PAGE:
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Church in Canada at this time was Laval, afterwards its first bishop.

The Conseil Superieur.—These three, together with a body of councillors—at first five, afterwards seven, and finally twelve—formed the Sovereign Council (Conseil Sourerain). This name afterwards seemed to the French king too suggestive of supreme power, and it was therefore changed to Superior Council (Conseil Superieur). This council was at once a legislative body and a court of justice, but in whatever capacity it acted it was subject to the will of the king, whose edicts it was bound to enforce. Subordinate to it were royal judges at Quebec, Three Rivers, and Montreal. The•Canadian seigneurs were also entitled to administer justice upon their domains, but in nearly every seigneurie this power was carefully limited to the settlement of petty disputes and the punishment of trivial offences.

The Intendant's Wide Powers.—The intendant had power, as the chief administrative officer of the colony, to pass, without consulting the council, ordinances dealing with all such matters of civil government as in his opinion required regulation. He was also authorized to withdraw cases from the ordinary courts and decide them himself, if he should think it in the king's interest to do so. As might be expected, disputes many and bitter arose between the intendant, the governor and the council as to their respective rights and duties. The king, three thousand miles across the Atlantic, was the only one who could decide between them with authority, and in the then state of ocean navigation many months of strife would pass before his will could be made known to his quarrelling officers.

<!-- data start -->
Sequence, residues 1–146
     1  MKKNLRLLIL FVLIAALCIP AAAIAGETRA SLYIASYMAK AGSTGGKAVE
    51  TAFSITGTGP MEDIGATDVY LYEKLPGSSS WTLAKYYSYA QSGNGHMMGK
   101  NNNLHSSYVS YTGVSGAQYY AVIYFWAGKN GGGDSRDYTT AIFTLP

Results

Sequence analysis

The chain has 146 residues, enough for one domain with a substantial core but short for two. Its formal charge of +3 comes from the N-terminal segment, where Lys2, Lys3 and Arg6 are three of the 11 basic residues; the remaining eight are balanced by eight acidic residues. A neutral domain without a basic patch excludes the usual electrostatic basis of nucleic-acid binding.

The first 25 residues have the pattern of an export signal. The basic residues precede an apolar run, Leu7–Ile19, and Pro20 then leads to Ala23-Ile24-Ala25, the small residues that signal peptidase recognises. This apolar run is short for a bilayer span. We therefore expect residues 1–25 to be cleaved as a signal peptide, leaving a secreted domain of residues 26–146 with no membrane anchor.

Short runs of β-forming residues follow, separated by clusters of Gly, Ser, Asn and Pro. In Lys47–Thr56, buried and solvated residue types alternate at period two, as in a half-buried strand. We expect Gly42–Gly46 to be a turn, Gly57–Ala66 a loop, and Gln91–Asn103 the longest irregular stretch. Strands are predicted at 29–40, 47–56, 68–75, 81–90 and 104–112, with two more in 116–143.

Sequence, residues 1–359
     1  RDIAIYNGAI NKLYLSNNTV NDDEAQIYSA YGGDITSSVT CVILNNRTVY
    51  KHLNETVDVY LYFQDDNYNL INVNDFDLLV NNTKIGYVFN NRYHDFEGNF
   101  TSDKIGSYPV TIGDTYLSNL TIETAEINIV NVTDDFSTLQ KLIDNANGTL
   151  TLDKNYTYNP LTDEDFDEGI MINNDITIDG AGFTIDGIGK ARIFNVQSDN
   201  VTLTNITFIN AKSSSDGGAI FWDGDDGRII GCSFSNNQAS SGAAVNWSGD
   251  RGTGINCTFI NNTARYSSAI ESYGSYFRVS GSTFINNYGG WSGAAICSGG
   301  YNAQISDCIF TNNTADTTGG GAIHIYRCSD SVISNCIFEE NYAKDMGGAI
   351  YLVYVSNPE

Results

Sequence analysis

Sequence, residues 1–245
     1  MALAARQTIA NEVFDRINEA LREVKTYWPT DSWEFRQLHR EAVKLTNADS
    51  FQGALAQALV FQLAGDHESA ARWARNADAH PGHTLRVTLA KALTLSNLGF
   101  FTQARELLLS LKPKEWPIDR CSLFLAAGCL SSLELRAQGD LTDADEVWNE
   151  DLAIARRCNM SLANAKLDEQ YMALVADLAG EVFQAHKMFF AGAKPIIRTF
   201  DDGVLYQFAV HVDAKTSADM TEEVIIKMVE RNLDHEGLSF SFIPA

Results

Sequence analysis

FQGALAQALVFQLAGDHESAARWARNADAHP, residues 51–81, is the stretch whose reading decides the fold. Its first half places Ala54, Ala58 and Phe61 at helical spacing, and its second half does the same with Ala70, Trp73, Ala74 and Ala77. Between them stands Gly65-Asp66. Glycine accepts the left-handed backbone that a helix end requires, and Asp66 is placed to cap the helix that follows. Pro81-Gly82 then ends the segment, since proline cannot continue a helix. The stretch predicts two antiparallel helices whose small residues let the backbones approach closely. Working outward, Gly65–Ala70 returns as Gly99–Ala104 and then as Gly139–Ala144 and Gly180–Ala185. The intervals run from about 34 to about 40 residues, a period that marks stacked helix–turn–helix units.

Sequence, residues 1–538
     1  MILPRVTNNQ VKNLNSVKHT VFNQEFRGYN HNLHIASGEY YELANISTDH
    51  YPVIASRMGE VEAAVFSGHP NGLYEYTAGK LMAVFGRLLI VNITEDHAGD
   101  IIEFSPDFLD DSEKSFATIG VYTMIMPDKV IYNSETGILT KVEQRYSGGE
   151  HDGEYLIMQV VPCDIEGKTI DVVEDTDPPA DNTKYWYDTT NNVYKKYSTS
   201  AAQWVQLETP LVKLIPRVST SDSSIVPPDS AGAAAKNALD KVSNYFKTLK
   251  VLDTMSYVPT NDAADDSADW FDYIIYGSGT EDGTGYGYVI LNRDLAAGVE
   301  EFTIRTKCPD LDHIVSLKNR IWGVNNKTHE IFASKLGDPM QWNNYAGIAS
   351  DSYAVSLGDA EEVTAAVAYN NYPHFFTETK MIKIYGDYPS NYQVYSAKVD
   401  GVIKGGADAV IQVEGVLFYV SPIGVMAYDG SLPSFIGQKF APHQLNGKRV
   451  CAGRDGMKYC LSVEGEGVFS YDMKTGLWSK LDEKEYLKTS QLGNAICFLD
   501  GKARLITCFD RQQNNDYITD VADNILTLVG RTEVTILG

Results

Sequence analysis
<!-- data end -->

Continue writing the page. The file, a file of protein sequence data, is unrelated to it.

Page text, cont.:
De Mezy.—De Mezy was the first governor under the new system. Councillors were, at first, to be appointed by the governor and Laval jointly. As the two could not agree in filling the council, de Mezy proposed that there should he a popular election. This proposal gave Laval a strong weapon to use against him at the French court, where everything that savored of popular government was frowned down. De Mezy was accordingly recalled (1665), and de Courcelle was sent out to succeed him.

The Intendant Talon.—The first intendant was Talon, a man to whom New France owed much for such progress as was made during this period of French rule. The great Colbert was


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